The "safe action" is a firing pin lock system which Glock developed to be used in the vast majority of their pistols. The action is very similar to the quick action used by Walther and other pistol manufacturers. The system consists of one external and two internal safeties which use a striker-engaged firing pin, rather than the more traditional hammer-engaged. It uses additional precautions to prevent the firing pin from moving or being struck if the firearm were to be dropped or shaken.
The three safeties are:
- Trigger Safety: An external integrated trigger safety lever mechanism contained within the trigger guard that prevents the trigger from moving unless the lever is depressed.
- Striker Safety: A spring-loaded pin attached by an extension bar to the trigger assembly blocks the striker from striking the primer of the cartridge until the trigger is pulled.
- Drop Safety: The far end of the same extension bar locks the striker into place from the rear until the trigger is pulled.
This passive safety system omits the manipulation of traditional on-off levers, hammers or external safeties as found in many other handgun designs.
However, the lack of a traditional external on-off safety means that the weapon will always fire when the trigger is depressed normally: "The ability to fire immediately, without worrying about an external safety, is one feature Glock has stressed as an advantage when selling its guns, especially to police departments..."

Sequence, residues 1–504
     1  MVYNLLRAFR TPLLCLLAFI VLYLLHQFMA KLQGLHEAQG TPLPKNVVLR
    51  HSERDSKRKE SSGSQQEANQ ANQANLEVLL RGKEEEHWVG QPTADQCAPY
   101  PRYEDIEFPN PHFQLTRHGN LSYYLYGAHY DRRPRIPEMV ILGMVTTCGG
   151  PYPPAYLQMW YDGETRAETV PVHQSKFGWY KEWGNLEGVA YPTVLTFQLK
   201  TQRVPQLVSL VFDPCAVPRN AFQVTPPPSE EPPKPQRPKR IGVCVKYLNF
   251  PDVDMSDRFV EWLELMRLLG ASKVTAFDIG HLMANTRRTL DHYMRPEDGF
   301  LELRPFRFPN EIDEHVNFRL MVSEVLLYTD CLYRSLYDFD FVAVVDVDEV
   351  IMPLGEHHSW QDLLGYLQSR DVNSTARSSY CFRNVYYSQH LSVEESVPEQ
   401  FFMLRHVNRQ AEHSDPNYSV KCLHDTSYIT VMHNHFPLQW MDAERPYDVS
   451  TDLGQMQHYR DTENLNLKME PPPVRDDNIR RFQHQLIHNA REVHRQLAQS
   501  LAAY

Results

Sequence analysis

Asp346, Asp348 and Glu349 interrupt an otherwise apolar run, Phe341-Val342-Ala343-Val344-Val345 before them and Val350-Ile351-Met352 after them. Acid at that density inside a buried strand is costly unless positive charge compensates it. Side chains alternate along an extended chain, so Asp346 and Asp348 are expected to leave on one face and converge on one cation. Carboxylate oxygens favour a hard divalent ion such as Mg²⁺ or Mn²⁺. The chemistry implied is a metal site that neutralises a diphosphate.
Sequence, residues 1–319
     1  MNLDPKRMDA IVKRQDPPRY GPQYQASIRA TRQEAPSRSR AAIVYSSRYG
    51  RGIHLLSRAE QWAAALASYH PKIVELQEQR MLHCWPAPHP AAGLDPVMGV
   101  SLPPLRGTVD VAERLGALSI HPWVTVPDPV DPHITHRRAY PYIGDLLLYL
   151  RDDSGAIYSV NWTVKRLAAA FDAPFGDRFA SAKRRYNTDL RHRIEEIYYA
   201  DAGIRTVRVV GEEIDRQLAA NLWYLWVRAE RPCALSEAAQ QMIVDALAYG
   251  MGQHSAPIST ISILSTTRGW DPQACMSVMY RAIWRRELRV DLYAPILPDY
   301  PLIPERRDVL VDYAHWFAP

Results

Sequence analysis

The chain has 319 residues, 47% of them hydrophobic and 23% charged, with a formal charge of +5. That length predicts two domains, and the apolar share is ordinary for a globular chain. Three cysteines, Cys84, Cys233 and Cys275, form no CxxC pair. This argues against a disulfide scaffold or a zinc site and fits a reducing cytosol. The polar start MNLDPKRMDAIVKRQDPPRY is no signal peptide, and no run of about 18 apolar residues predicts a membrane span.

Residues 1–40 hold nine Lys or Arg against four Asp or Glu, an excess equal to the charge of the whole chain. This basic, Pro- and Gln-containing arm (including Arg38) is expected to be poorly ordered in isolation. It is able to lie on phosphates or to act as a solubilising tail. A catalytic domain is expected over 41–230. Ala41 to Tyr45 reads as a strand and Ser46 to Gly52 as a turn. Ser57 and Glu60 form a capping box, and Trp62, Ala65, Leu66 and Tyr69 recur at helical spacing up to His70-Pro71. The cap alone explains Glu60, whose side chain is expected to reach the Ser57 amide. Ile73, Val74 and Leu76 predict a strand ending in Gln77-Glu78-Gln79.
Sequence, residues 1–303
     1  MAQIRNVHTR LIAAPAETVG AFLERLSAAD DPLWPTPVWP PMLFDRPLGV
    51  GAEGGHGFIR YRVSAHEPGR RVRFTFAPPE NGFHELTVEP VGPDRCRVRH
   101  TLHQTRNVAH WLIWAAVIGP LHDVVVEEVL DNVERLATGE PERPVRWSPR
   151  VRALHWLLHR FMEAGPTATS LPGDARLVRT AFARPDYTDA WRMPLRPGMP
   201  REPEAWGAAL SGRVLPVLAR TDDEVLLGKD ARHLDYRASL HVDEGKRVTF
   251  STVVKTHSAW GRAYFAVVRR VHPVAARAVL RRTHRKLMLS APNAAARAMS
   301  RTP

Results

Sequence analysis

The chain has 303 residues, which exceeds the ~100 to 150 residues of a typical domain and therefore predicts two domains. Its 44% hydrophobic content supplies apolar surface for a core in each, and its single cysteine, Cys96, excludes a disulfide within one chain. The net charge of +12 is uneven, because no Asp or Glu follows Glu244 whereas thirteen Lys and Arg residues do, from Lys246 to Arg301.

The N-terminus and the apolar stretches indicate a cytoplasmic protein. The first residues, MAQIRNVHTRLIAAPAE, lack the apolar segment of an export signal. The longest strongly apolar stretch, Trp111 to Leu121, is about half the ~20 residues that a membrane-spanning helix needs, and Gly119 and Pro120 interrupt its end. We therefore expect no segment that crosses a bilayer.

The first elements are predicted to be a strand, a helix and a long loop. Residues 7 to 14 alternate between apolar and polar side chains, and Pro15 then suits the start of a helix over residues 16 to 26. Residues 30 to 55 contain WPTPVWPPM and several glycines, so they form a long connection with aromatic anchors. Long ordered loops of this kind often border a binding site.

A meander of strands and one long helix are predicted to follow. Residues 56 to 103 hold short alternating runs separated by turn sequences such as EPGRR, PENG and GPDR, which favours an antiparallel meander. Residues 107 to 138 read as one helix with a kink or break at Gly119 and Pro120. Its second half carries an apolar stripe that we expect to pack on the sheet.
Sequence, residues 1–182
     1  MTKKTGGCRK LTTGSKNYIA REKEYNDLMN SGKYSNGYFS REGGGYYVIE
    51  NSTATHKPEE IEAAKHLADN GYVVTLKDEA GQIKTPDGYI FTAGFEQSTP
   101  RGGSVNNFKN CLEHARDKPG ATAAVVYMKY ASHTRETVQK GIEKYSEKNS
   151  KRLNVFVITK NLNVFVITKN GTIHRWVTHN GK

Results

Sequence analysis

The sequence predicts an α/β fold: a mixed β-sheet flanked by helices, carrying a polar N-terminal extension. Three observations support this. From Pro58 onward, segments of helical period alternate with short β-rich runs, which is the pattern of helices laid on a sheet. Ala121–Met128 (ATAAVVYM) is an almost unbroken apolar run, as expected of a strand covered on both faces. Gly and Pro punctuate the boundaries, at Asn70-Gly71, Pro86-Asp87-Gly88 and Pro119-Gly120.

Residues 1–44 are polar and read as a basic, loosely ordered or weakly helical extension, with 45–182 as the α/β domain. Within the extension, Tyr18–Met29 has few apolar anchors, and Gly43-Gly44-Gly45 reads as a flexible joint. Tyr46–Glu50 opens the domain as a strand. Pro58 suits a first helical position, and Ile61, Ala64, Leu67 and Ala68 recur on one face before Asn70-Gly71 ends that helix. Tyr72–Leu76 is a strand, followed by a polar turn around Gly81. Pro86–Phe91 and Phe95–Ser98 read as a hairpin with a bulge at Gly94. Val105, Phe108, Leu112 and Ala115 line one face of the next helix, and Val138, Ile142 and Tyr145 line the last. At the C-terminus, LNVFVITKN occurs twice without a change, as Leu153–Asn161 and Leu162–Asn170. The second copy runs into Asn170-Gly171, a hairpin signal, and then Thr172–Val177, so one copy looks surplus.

The factory standard two-stage trigger has a trigger travel of 12.5 mm (0.5 in) and the trigger pull is rated at 25 N (5.6 lbf), but by using a modified connector it can be increased to 35 N (7.9 lbf) or lowered to 20 N (4.5 lbf). In response to a request made by American law enforcement agencies for a two-stage trigger with increased trigger pull, Glock introduced the NY1 (New York) trigger module, which features a flat spring in a plastic housing that replaces the trigger bar's standard coil spring. This trigger modification is available in two versions: NY1 and NY2 that are rated at 25 N (5.6 lbf) to 40 N (9.0 lbf) and 32 N (7.2 lbf) to 50 N (11.2 lbf) respectively, which require approximately 20 N (4.5 lbf) to 30 N (6.7 lbf) of force to disengage the safeties and another 10 N (2.2 lbf) to 20 N (4.5 lbf) in the second stage to fire a shot.
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References[edit | edit source]
- www.glock.com. "GLOCK Advantage: trigger system". http://www.glock.com/english/pistols_adv01.htm. Retrieved 2008-01-12.
- www.glock.com. "GLOCK Advantage: trigger safety". http://www.glock.com/english/pistols_adv02.htm. Retrieved 2007-10-13.
- www.glock.com. "GLOCK Advantage: striker safety". http://www.glock.com/english/pistols_adv03.htm. Retrieved 2007-10-13.
- www.glock.com. "GLOCK Advantage: drop safety". http://www.glock.com/english/pistols_adv04.htm. Retrieved 2007-10-13.
- Glock Pistol Used by Police Raised Safety Issues
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